Health research is a fundamental basis to the quality of life of humans. Untold billions are invested annually in research seeking the cure to better health, and much of this research involves specific cell lines. Such cell lines have the ability to be maintained in vitro indefinitely, provided that they are provided with the required growth conditions. There is increasing evidence, however, that globally, a large number of cell lines have become contaminated, either as a result of poor laboratory and cell line management, or cross-contamination by other cell lines, either of the same species or another species (1), with human cervical adenocarcinoma, or HeLa cells, having the most number of contaminated lines, 106 (2).
The failure to test or authenticate cell lines for purity on a regular basis, something that can be easily achieved, and that should be done, can have negative consequences on the experimental outcome, namely failure. Incorrect cell lines will likely result in researchers investing more research dollars into trying to repeat an experiment, only to result in failure, and may be one of the large causes of the replication crisis in cancer research. This is because other researchers hoping to repeat the results of a published study that has claimed to use a certain cell line, but that has in fact used an incorrect cell line, will be attempting a repetition in vain, simply because the research material being used is wrong. As one example, Christopher Korch, a geneticist, estimated that contamination of HEp-2 and INT 407 cell lines by HeLa cells may have affected the published literature as follows: 5,789 papers in 1,182 journals and 1,336 papers in 271 journals may have used HEp-2 and INT 407 cell lines, respectively, inappropriately, thereby affecting hundreds of thousands of citations and possibly billions of US dollars in follow-up research that may be erroneously based on the wrong or cross-contaminated cell line (3). More recently, Horbach and Halffman (4) estimated that the number of papers with misidentified cells exceeded 32,000, and that these papers were cited by half a million others, showing how potentially widely the literature using cells lines may in fact be erroneous. In China, human cell lines are widely contaminated (5). Separately, 278 popular tumor cell lines have been misidentified or are cross-contaminated (6).
The first line of defense is good laboratory practice that ensures rigorous sterile and strict cell line management. Original cell lines must be derived from a reputed cell bank and risks are introduced with “gift” lines from other colleagues. Cell line authentication can be achieved using cytogenetic or molecular methods, and is a verification step that should be conducted regularly (7,8).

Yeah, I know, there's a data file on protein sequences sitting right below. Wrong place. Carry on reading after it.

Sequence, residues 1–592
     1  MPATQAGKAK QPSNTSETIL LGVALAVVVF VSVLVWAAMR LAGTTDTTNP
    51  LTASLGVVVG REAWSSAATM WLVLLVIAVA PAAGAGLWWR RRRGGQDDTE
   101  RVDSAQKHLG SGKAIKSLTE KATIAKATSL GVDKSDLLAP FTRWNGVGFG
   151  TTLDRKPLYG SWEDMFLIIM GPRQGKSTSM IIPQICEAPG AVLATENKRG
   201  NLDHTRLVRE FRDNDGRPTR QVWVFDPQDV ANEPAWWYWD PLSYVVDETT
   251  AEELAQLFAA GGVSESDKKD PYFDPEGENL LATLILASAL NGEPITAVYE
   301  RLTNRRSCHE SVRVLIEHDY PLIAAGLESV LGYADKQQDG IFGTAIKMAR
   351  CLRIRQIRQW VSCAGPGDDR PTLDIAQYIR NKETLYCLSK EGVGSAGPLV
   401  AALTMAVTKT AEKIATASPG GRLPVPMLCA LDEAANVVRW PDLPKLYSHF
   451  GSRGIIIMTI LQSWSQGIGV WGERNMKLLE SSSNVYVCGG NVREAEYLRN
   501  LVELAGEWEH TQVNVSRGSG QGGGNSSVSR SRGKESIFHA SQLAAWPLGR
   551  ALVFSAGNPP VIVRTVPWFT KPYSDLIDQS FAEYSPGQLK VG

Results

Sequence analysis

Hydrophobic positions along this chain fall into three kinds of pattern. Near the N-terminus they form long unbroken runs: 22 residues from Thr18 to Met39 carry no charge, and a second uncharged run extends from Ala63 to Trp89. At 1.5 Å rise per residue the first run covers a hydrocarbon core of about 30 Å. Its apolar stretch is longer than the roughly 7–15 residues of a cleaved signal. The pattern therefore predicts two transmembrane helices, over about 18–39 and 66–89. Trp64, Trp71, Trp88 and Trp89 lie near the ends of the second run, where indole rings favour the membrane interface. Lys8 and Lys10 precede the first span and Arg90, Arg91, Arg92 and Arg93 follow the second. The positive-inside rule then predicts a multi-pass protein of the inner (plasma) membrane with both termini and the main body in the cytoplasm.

Part of the lack of reproducibility in science is caused by poor quality control of reagents, and the poor description of procedures in published papers (9). Another part of the crisis in cell line reproducibility lies in the resistance of academics, editors and publishers to correct the literature, either as a result of bruised pride or fierce denial, leaving stated cell lines in a large number of published papers unclear, uncertain or incorrect. While it is likely impossible to verify the authenticity of cell lines in older papers, authors of newer papers for which doubts have been raised regarding authenticity or possible cross-contamination should have the responsibility of repeating such experiments, and in all cases, an expression of concern should be published, alerting readers that the cell lines claimed might not in fact be what they are, or that the conclusions drawn or even methods used should be interpreted cautiously. This process, monumental as it is, can only come about with a changing shift in culture, from one of resistance, to one of acceptance of error, and its correction, via retractions (10).
Cell lines, whether for basic research or for applied biomedical studies, can have an impact on the lives and health of members of society. A responsible attitude by those that employ cell lines, beginning with strict quality control and management of the laboratory, regular authentication, and a changing perspective about the importance of post-publication peer review of erroneous literature are all complementary essential strategies to avoiding, reducing, or correcting errors related to erroneous cell lines.
Conflicts of Interest: The author has no conflicts of interest to declare.
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